United says about 97% of employees met vaccine deadline; Meanwhile, AA and Southwest pilots warn of travel chaos
United Airlines said Tuesday that less than 3% of its 67,000 U.S.-based employees applied for a religious or medical exemption to the airline's vaccine mandate, and that of the remaining, more than 99% had complied with the airlines vaccine mandate.
That left 593 employees who had failed to get vaccinated and upload their documentation, or apply for an exemption, by the Sept. 27 deadline, a senior executive said during a background briefing. Those employees will be fired over the coming days and weeks.
The airline said it expects no operational disruption from the termination of the non-compliant employees.
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Employees who submitted for a medical or religious exemption would be placed on an unpaid leave, but the deadline for that has been extended due to pending litigation, CEO Scott Kirby said in a memo to employees viewed by TPG.
"We want to start by thanking the tens of thousands of employees who got their shot," Kirby and airline president Brett Hart wrote in the memo. "We know for some, that decision was a reluctant one. But there’s no doubt in our minds that some of you will have avoided a future hospital stay — or even death — because you got vaccinated."
United's news came as pilots unions at American Airlines and Southwest Airlines warned that an exodus of pilots could occur if the federal vaccine mandate is implemented at airlines, potentially causing mayhem during the holiday travel period.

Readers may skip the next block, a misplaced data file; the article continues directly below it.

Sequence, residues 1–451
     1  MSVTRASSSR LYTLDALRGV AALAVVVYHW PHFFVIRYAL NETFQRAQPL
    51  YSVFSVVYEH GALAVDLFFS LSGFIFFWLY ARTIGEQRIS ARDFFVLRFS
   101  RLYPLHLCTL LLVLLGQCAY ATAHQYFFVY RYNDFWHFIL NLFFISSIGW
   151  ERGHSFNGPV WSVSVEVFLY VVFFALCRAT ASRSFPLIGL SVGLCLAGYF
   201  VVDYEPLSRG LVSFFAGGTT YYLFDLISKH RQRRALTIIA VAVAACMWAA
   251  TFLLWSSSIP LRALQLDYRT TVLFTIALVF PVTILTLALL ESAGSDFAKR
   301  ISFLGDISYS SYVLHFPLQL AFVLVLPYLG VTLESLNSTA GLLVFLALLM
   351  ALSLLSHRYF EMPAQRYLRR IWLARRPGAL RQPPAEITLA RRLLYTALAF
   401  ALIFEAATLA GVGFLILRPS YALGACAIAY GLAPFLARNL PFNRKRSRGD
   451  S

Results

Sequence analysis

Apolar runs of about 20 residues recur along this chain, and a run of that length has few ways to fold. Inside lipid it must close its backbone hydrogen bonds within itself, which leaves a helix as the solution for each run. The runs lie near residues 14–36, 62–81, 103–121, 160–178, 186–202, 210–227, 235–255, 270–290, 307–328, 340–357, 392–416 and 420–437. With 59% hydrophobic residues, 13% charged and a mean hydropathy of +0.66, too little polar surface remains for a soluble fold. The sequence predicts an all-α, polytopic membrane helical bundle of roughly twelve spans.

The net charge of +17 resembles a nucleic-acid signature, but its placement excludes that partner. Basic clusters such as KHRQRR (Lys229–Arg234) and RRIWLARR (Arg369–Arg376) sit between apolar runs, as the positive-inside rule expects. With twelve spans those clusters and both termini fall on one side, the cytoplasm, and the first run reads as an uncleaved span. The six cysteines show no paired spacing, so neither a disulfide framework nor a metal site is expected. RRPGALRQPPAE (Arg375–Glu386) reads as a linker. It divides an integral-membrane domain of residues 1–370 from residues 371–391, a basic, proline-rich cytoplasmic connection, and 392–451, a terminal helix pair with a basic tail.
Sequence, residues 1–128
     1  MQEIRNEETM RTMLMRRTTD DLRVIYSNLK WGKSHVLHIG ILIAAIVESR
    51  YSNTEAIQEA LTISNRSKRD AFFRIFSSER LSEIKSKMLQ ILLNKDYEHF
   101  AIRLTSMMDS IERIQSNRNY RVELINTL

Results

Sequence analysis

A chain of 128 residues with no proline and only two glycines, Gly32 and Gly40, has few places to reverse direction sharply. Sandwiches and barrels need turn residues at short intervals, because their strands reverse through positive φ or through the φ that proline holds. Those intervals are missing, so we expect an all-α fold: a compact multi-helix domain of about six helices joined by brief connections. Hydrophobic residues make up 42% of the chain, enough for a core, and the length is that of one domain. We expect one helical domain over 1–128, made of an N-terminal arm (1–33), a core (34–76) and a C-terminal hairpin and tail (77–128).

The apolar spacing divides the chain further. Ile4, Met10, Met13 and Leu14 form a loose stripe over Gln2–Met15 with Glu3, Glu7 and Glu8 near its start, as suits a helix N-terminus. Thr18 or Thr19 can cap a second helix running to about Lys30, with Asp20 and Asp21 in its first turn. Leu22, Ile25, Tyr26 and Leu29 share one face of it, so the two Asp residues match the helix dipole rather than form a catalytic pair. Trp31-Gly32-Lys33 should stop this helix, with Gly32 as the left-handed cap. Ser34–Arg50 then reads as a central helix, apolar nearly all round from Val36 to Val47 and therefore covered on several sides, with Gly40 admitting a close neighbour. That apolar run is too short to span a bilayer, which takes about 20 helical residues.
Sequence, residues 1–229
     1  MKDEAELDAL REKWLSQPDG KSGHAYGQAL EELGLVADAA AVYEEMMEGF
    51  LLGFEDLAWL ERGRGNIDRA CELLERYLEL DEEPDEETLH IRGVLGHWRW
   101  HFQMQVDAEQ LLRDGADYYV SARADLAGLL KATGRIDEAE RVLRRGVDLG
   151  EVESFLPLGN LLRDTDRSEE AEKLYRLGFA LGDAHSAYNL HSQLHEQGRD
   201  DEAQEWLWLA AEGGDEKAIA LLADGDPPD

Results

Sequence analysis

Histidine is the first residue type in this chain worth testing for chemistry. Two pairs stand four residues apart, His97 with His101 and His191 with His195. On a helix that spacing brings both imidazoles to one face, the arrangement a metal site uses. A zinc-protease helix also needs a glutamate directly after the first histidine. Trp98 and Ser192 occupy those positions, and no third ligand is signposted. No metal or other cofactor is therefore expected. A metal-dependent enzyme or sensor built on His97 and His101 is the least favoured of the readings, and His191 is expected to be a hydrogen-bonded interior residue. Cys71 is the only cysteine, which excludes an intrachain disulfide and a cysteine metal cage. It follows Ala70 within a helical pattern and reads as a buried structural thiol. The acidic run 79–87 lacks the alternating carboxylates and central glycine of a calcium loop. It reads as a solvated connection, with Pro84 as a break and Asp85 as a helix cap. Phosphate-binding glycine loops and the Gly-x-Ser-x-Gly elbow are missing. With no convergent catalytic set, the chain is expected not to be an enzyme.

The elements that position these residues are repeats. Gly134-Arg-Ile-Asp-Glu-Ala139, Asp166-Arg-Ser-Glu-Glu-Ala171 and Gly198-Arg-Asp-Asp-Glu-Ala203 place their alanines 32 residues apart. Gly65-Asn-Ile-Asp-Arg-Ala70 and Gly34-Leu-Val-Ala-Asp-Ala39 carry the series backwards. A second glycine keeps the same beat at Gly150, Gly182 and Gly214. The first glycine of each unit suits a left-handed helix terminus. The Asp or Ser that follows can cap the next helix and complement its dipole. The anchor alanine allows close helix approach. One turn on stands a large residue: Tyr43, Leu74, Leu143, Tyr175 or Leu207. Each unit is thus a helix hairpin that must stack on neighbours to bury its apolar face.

More: United doubles down on vaccine requirement with stringent policy for religious exemptions
About 30% of American Airlines pilots are unvaccinated, the pilots' union, the Allied Pilots Association, said, citing medical reasons and reluctance.
"We are also concerned that the Executive Order’s anticipated 60-day implementation period for mandatory vaccinations could result in labor shortages and create serious operational problems for American Airlines and its peers," APA president Captain Eric Ferguson wrote in a letter to the Department of Transportation and the White House. "Airlines generate a substantial portion of their annual revenue during the holiday period, with a great many travelers depending on us to get them to their destinations. Our nation’s airlines, and the traveling public, cannot afford significant service disruptions due to labor shortages."
On Monday, a representative for the union representing American Airlines maintenance workers in Tulsa and Southwest Texas, Dale Danker, posted a video to YouTube protesting potential mandates and advocating for employees to refuse.
Both American and Southwest declined to comment.
The developments come as U.S. airlines have taken different tacks on encouraging their employees to get vaccinated, though United has been the most aggressive.
Delta Air Lines last month took a different approach to mandates, saying it would add a $200 monthly surcharge to unvaccinated employees' health insurance, citing the high cost burden of unvaccinated employees who end up hospitalized. If the Biden administration's executive order moves forward, the airline would likely also have to mandate vaccination or weekly testing.
The airline said that as of Sept. 23, 82% of its employees were fully vaccinated, up from 75% a month prior. A spokesperson for the airline said Tuesday that the rate was continuing to increase.